Reports showing how Delaware’s schools spent their money in the 2010-2011 school year are out, and Lt. Gov. Matt Denn says the results are encouraging.
Denn’s third annual reports reveal how school districts spend taxpayer dollars, with the ultimate goal of encouraging schools to spend more in the classroom and less in administrative overhead.
“The good news in this report, as compared to the prior two that we did, is that there is much less of a gap between the schools in terms of the percentage of their dollars that are going into direct educational expenses,” Denn said.
In the prior two years, Denn’s office calculated if all of the school districts directed funds towards the classroom at the same ratios as the districts with the five highest percentages, over $28 million additional dollars could have been spent directly on students, instead of administrative expenses. This year, however, that figure is $21,133,243, a 26% improvement over the prior school year.
“So when we see the gap narrowing, that is a sign to us that some of the districts are making more of an effort, ones who are on the lower end of the chart, to try to do better,” said Denn.
Following federal guidelines, the classroom spending category is broad, and includes salaries for teachers and speech pathologists, for example. Administrative expenses, Denn says, are costs tied to things and people not in the classroom with students. Other categories, like bus, food and energy costs are not reflected in Lt. Gov. Denn’s spending charts.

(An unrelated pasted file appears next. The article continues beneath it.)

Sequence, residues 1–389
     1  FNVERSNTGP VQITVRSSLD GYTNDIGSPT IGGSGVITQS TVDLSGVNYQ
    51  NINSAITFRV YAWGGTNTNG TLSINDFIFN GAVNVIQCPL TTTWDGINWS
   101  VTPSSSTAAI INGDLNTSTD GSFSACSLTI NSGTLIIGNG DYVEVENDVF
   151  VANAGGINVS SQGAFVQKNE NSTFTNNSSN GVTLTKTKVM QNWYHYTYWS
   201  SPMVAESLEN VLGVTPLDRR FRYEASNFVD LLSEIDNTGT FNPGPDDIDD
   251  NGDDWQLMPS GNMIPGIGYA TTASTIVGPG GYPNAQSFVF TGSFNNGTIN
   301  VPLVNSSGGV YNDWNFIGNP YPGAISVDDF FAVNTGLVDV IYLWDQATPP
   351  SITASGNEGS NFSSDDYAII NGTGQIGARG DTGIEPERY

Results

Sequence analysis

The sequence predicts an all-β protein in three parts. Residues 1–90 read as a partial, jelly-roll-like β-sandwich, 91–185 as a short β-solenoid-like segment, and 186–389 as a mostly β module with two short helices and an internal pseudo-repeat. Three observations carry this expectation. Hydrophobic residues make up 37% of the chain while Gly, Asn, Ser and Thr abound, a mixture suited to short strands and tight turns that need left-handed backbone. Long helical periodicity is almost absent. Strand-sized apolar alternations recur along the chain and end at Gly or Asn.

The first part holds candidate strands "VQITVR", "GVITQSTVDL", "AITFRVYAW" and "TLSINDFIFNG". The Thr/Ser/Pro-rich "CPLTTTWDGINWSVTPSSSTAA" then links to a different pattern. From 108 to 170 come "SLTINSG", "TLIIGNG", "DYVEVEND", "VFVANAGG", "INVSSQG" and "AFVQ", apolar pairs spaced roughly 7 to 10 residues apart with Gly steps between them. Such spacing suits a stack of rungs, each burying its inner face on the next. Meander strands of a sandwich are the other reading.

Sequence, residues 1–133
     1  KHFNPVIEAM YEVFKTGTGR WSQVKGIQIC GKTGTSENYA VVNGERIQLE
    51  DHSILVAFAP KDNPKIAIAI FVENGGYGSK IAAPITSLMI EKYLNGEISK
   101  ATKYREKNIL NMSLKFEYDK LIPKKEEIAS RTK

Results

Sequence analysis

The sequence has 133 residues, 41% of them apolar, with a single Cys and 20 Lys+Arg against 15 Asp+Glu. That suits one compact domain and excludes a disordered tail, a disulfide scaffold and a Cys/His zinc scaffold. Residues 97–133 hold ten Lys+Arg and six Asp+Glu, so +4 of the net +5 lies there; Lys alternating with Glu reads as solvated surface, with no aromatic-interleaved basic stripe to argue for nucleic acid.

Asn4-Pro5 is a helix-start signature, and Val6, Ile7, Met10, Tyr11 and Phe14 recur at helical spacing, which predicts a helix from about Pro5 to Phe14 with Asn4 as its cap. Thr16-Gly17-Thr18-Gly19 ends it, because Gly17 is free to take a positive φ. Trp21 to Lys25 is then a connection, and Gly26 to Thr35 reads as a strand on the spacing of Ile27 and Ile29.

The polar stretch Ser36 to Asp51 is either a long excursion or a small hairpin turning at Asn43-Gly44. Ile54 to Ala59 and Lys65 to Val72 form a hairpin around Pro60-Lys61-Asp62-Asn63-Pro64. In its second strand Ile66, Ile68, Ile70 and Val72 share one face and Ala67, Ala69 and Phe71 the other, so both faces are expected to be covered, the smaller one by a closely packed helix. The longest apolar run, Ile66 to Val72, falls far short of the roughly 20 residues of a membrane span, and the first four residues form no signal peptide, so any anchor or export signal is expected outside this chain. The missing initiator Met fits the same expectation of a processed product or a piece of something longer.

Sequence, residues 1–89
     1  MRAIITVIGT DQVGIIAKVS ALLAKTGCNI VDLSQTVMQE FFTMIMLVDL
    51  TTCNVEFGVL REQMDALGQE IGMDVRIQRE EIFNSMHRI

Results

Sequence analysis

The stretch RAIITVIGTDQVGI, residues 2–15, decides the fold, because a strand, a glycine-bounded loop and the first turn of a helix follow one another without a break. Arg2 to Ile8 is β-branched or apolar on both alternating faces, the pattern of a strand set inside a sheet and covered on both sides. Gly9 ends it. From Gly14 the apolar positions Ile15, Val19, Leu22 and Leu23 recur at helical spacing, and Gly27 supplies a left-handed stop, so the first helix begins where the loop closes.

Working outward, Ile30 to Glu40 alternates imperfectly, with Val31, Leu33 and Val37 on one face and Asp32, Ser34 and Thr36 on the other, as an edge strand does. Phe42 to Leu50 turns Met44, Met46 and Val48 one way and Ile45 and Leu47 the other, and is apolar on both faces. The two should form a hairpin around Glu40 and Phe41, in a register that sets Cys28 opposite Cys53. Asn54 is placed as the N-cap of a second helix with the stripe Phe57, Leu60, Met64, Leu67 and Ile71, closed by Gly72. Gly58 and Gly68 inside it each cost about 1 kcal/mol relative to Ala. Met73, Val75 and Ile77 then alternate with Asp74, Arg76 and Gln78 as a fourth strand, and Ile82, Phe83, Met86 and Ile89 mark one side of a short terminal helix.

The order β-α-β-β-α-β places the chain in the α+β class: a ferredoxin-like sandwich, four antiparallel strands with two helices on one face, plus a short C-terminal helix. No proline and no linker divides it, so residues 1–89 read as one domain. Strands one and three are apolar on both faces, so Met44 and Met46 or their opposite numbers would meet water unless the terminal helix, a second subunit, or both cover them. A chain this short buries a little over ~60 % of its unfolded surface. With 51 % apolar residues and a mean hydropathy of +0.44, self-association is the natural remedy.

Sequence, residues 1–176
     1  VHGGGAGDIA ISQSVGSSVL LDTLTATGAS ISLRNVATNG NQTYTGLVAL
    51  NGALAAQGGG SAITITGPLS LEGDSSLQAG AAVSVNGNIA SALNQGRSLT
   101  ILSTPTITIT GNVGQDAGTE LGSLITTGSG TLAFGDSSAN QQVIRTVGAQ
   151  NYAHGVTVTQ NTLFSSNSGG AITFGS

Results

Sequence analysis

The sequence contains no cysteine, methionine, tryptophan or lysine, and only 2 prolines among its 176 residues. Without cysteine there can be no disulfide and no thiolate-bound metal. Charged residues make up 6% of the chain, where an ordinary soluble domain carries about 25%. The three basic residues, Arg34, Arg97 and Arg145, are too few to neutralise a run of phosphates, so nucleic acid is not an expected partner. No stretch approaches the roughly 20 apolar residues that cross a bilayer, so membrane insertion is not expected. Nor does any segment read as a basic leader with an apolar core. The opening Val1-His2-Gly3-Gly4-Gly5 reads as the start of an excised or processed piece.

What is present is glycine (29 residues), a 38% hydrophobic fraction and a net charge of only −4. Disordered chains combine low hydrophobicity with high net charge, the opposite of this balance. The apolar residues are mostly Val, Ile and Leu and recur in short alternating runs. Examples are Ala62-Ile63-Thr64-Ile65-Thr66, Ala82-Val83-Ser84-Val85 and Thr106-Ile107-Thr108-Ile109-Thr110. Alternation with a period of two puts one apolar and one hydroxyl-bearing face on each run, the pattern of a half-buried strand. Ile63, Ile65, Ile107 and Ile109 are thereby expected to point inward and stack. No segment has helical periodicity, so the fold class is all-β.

“Some of the districts have indicated that they think that there are factors unique to their district that cause them to have higher administrative expenses. And then for some districts, they’ve simply made a decision that spending on particular administrative expenses is good for the students overall,” Denn said, pointing out the Red Clay Consolidated School District as an example. During the 2010-2011 school year, the district decided to hire assistant principals, a move it says helps teachers teach better and the schools run more efficiently.
“What we’re trying to do with this chart and this report is simply give parents the tools, and taxpayers the tools, to ask questions of their superintendents and of their school board members, ‘Why are we where we are on this list,’ and hopefully get an explanation that they can analyze and see if it makes sense,” said Denn.
For charter schools, as in last year’s report, most spent a lower percentage of their total dollars on direct educational services than traditional public school districts. However, almost all of the state’s charter schools spent a higher percentage of their funds on direct educational expenses in 2010-2011 than in the prior year.